The New York City Council enacted several amendments to the City's Fair Chance Act (the FCA) on January 10, 2021, which take effect on July 29, 2021. The Amendments expand on the protections already provided to job applicants under the FCA as noted in our prior alert, most notably by modifying the FCA's required "Fair Chance Process" and applying the law's coverage to include:
- Current employees in addition to applicants, and
- Pending arrests and criminal accusations in addition to convictions
The FCA's Current Requirements
Under current law, the FCA prohibits NYC employers from:
- Referencing a criminal background check or indicating any limitation on employment based on a person's criminal history in a job application or job posting, or
- Inquiring about an applicant's criminal history or conducting a criminal background check before a conditional offer of employment is made.
Even after a conditional offer, the FCA prohibits an employer withdrawing such an offer based on an applicant's criminal history without first going through the Fair Chance Process.
The Fair Chance Process requires an individualized analysis to determine whether either the criminal history is directly related to the position, or if hiring the applicant would create an unreasonable risk to property, safety or welfare. This analysis must take into account the eight "Fair Chance Factors".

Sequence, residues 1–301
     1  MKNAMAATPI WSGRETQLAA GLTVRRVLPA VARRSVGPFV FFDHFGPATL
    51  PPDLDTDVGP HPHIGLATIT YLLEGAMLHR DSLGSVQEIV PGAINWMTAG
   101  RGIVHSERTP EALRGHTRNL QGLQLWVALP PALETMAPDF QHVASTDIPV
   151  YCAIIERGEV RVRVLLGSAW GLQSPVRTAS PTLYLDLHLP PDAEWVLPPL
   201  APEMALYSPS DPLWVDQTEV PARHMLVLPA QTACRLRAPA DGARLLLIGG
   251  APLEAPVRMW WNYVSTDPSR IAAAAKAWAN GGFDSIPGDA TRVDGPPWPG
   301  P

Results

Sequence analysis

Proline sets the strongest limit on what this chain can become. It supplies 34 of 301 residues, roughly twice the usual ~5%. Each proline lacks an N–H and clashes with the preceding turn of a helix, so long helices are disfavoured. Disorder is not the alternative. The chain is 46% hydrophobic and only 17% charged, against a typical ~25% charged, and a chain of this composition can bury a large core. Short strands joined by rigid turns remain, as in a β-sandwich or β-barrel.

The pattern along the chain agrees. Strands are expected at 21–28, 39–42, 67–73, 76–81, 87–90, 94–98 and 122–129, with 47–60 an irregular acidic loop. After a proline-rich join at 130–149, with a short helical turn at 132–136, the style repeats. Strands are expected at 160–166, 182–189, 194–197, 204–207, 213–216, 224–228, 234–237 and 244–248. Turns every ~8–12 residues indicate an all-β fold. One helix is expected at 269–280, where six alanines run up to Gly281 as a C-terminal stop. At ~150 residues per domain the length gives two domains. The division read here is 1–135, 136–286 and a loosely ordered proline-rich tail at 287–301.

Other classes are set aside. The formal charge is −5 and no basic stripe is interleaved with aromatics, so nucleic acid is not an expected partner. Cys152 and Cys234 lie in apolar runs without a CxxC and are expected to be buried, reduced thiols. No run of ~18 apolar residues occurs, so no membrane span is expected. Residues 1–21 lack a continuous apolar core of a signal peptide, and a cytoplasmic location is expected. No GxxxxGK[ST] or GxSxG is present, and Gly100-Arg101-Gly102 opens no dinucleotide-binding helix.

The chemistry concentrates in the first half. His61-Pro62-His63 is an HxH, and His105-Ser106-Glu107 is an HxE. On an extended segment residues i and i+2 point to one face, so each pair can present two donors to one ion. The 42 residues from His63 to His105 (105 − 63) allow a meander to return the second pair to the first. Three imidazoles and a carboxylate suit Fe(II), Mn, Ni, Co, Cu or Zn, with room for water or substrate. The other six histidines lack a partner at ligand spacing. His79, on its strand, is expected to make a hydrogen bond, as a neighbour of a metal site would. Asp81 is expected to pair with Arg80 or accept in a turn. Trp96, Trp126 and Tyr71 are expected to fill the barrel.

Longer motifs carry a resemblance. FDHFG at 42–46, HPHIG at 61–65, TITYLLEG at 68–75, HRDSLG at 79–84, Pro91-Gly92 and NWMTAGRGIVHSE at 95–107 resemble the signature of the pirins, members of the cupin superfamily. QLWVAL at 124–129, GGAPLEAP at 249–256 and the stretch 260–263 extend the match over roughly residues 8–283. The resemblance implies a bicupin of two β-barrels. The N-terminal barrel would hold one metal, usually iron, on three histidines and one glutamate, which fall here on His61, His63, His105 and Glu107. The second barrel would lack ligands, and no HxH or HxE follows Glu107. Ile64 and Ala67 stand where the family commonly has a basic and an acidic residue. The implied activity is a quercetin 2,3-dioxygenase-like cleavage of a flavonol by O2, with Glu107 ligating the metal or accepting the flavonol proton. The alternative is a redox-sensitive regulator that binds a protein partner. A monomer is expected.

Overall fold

The employer must also disclose the results of the criminal
background check to the applicant, provide its written analysis of
the Article 23-A factors, give the applicant a reasonable time to
respond and consider any additional information they provide.
The FCA Amendments
The Amendments broaden the scope and impact of the FCA in several ways.
- While the current law protects only job applicants, the Amendments will apply the FCA to current employees as well. (As of January 11, 2020, when the New York City Human Rights Law was expanded to cover gig workers, this includes current and prospective freelancers and independent contractors as well.)
- While the current law prohibits employers from inquiring about and basing employment decisions on criminal convictions, the Amendments extend the law's coverage to pending arrests and criminal accusations.
- The Amendments prohibit employers from making inquiries or basing employment actions on "violations" (meaning a criminal offense for which no more than 15 days imprisonment can be imposed), non-criminal offenses or adjournments in contemplation of dismissal.
- As has long been the case, employers may not inquire about or consider sealed conviction records, youthful offender adjudications or arrests that did not result in a conviction.
Different Fair Chance Factors
The Amendments slightly modify the Fair Chance Factors an employer must consider before withdrawing a conditional offer based on:
- Criminal matters pending at the time the person applies for a job, and
- Arrests and convictions occurring during employment.